At MOR Associates, we provide a platform upon which leaders take their leadership abilities to the next level, to up their game. We provide a design and a set of experiences that support people in making sustainable improvements in their behavior as leaders. Of the several thousand participants in MOR Leadership related programs, although we are proud of our 100% satisfaction score, we are ecstatic to share that more than half report the opportunity has resulted in either a game-changing or transformational change in their leadership abilities.
So what does that mean – to have a game-changing experience, a transformational change in how they lead? What we’ve seen is increased capability and realization of potential in ways that allow people to contribute at an increasing level. This paper sets out to outline what ‘game changer’ has meant for our clients, and what, within the experience they have with MOR, creates this outcome.
What is a Game Changer?
Game changing experiences cause people – and ultimately their institutions – to fundamentally shift their perspectives, belief systems, and practices in the service of uncovering what was previously unknown, and achieving what was previously not seen as possible.
This means different things to different people.
- For some, a game changing experience means breaking through self-imposed boundaries to see what is possible for them and to reach new heights. It’s developing a new mindset.
- For others, it means acquiring and mastering a new set of tools or know-how to see leading in a new light, and reach a new level of effectiveness in their leadership.
- And finally, it can mean the combination of new mindset and tools to skillfully expand their reach as leaders to truly affect change in their organization.
Advances for three sets of capabilities – Mindset, Toolset, and Skillset – form the foundation of MOR’s game-changing leadership development experiences. Let’s dive a little deeper into what we learned from out clients about each area.
Although these three capabilities complement and build on each other, the shift in mindset is often the most foundational change that we see in developing leaders. That is the transformation that truly changes when you develop as a leader. The inner belief within their own mind. The expression “Whether you think you can or you think you can’t, you’re right” relates to this inner belief of leadership.
Before they can lead, many people must re-wire the narrative in their head by reflecting on, identifying, and obliterating the self-imposed boundaries that have held them back. Consider, for example, these comments from recent participants regarding the aspects of our program that most led to their development:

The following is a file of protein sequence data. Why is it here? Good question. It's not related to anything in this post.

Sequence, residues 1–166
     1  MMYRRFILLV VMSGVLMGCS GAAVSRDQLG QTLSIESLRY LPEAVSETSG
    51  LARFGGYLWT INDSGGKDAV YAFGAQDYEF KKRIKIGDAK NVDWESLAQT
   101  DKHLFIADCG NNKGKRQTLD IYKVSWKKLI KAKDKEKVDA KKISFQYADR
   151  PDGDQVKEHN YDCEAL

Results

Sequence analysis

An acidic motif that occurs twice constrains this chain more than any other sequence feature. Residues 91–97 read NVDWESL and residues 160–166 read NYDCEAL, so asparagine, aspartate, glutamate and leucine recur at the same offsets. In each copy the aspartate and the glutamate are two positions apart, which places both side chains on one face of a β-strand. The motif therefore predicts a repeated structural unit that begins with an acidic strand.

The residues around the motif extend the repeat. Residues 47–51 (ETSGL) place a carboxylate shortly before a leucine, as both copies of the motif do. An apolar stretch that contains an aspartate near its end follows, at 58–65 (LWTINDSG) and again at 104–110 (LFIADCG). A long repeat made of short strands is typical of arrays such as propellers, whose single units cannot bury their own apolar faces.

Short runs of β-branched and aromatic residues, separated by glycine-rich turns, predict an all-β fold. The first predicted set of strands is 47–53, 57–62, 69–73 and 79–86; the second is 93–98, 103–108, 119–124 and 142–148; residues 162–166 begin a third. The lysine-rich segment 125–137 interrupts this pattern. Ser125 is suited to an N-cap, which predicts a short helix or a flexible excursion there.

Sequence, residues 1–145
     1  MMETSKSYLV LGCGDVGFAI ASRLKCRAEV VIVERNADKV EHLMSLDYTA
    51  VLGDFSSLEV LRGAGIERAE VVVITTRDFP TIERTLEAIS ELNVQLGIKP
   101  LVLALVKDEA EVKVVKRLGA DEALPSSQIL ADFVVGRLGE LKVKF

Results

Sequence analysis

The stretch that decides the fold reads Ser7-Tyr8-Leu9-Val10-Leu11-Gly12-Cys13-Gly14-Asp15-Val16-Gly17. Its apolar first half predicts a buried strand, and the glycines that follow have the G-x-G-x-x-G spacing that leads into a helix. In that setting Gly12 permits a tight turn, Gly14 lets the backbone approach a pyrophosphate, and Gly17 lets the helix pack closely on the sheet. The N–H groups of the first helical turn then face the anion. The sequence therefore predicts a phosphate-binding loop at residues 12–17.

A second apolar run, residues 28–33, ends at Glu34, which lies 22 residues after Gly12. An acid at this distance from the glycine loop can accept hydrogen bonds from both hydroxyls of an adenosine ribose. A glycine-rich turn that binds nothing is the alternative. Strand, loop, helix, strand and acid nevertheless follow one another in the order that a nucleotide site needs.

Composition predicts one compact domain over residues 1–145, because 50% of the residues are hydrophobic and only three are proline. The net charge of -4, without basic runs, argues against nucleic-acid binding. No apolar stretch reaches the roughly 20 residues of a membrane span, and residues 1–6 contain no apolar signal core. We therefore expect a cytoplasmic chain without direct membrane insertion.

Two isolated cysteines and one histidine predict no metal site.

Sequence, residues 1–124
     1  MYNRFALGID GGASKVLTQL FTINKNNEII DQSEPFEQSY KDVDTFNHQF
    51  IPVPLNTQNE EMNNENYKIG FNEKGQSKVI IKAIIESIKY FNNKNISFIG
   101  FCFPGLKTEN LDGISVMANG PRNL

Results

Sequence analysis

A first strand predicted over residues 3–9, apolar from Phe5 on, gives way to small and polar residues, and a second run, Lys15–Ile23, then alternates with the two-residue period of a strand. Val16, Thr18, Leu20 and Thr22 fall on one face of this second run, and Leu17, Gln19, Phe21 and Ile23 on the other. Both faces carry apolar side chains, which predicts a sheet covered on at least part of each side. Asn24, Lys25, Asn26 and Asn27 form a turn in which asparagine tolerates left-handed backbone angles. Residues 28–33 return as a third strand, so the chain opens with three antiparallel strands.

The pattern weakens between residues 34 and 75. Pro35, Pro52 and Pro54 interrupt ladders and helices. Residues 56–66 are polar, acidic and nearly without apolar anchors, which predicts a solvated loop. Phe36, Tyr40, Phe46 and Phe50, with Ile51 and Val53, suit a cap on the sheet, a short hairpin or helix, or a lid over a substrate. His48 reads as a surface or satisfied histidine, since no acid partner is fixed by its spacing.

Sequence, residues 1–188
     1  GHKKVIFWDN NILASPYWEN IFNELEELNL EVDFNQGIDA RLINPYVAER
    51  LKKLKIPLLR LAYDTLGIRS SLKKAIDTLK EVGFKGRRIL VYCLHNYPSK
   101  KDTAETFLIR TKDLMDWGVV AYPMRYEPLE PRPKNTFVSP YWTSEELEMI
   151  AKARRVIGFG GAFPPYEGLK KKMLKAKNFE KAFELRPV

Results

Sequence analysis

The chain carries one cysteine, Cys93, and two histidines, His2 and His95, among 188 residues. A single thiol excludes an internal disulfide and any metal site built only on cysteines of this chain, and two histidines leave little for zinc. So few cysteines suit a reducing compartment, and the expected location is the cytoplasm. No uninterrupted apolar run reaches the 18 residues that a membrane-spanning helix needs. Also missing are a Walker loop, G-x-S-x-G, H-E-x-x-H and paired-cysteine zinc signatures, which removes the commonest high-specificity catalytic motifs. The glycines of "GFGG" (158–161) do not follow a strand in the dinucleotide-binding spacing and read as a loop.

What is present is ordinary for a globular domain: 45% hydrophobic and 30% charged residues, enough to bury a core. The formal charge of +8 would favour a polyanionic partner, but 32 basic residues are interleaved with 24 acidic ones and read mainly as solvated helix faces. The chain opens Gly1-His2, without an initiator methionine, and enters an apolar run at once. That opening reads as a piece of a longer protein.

- “The program challenged me to stop “waiting until…”. This is really important for me, as I’ve always thought of myself as a reluctant leader. The practical guidance of presence and preparation has challenged my thinking about whether leadership is inbred or developed. Through daily practice, I’m now thinking about myself as a developing leader.”
- “I gave myself permission to lead sooner than I would have before I took the program. I didn’t ‘wait to be tapped on the shoulder’ as (my coach) so aptly described it. I also doubt myself much less often.”
- “The program allowed me to speak up and lead from where I am. It showed me my true value to my institution.”
- “The greatest benefit to me has been to recognize myself as having a valid seat at the table.”
Several themes emerge from these comments and many more like them. One theme is about taking initiative. Not waiting to be “tapped on the shoulder,” but instead they now recognize that it’s up to them to seize the moment. With new tools and practices to support them, they step forward. They know they must step up to tackle that intractable issue, or take advantage of an opportunity. They view themselves, their role, and how they can be successful in that role – differently.
Another theme within the mindset transformation is confidence. The confidence that emerges from seeing oneself in a new light. It’s the confidence from realizing that, “Yes, I am a leader. I do have a valid seat at the table, my contributions matter and I will be heard.”
Two additional client comments:
- “The program was a tipping point for me in developing confidence and presence in a multitude of professional settings, being fully engaged in meetings and more comfortable expressing my opinions and ideas.”
- “Confidence was a focus area for me. I was relatively new to my role when I started the program and have never been good at ‘fake it until you make it’. This program has helped me find my voice and be able to make the necessary changes to start to move my team forward.”
Having increased confidence in one’s leadership and stepping out of a comfort zone to take initiative, when previously one would not have, are complete game changers for how we lead. These choices, these shifts in mindset, though seemingly simple, are extremely challenging. They take practice, support, and the right tools to make it happen.
There is truth to the saying “If You Always Do What You’ve Always Done, You Always Get What You’ve Always Gotten.” New practices and a new toolset are part of the path forward. But developing a new toolset is more than simply learning about new methods and models. It’s more than just the “blocking and tackling” of management. It’s beyond just learning new frameworks of how to have certain conversations. The real game-changing happens when you use them, when you apply what you learn, over and over, in service of your leadership development goals. Persistence, reflection, and adjustments are all needed. After all, they also say old habits are hard to break.